New Unfair Dismissal Regulations And Employment Law

This summer sees quite a few changes coming into effect that could have an impact on employees. It has been argued that a new bill being introduced could make it easier for employers to dismiss staff. It is worth taking a look at unfair dismissal and how employment lawyers can provide guidance.

The changes to dismissal laws are being brought in by the Enterprise and Regulatory Reform Bill and could make it more difficult for employees who believe they have been unfairly dismissed to claim any kind of compensation or better treatment. The changes include a cap on the amount of compensation that can be awarded and a new charge for actually making a claim in the first place. If an employer is making 100 or more redundancies the period of time available for consultations is going to be cut to 45 days from a period of 90 days.

Employment Law Advice Invaluable
Employees who feel they may be affected by new changes or feel they have been treated unfairly anyway would do well to seek employment law advice to help them decide what action to take. Employment lawyers are best placed to advise on the current status of regulations and also how your situation is classified under current legal regulations. There are many different cases of unfair dismissal and it is important that you identify where your case fits in and if you have a right to claim for compensation or redress.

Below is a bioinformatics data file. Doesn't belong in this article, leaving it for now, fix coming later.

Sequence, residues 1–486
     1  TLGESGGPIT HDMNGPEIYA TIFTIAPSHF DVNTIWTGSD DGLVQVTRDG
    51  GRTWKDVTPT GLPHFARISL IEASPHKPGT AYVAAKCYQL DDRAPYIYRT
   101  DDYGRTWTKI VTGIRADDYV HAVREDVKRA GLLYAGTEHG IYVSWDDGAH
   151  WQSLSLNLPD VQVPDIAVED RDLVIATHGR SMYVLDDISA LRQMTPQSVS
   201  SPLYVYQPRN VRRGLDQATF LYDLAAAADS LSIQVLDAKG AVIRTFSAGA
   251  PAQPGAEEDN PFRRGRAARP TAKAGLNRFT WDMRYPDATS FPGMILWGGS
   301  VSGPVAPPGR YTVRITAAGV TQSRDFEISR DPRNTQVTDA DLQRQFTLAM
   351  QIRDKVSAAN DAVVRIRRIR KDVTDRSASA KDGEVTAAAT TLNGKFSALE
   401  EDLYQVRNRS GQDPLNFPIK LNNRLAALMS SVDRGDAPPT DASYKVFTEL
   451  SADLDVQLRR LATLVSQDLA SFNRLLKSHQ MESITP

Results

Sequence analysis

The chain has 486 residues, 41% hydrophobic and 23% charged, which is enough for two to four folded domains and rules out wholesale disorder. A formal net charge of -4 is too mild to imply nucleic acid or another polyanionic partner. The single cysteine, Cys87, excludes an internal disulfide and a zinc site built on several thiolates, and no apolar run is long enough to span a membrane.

What Is A Fair And Unfair Dismissal?
Unfair dismissals can be deemed immediately unfair if they have anything to do with a list of categories such as:
-       Being a part-time or fixed-term employee
-       Any maternity related issues and pregnancy
-       Areas related to family such as paternity leave and any parental leave both for birth and adoption
-       Any discrimination issues relating to gender, race, age, religion, disability and sexual orientation
-       Issues related to membership of trade unions and representation
-       Minimum wage issues and working hours and pay issues

Conversely it is also worth bearing in mind what a fair dismissal is classified as. It is usually when the employer can prove that any of these issues apply:
-       If there is an issue regarding an employee’s qualifications or skills for the job
-       When an employee’s conduct or behaviour is in question
-       When it relates to a redundancy.
-       If employment is no longer possible because of a legal change or regulation. The employer must also treat the employee and the dismissal procedure in a reasonable and correct manner.

If you feel you have a case for claiming for unfair dismissal you might find it useful to seek professional legal guidance from a firm who offer a fixed price quote for employment law advice. It is important that you act reasonably quickly as there may be a strict time limit on when you are able to take action. Once again, an employment lawyer will be the best guide as to how you can go about doing things properly within new and existing legal frameworks.

Anna Mathews contributes regularly to websites and blogs. For this and similar postings she was interested in making sure employees are aware of the fixed price quote for employment law advice option to simplify the claims process.

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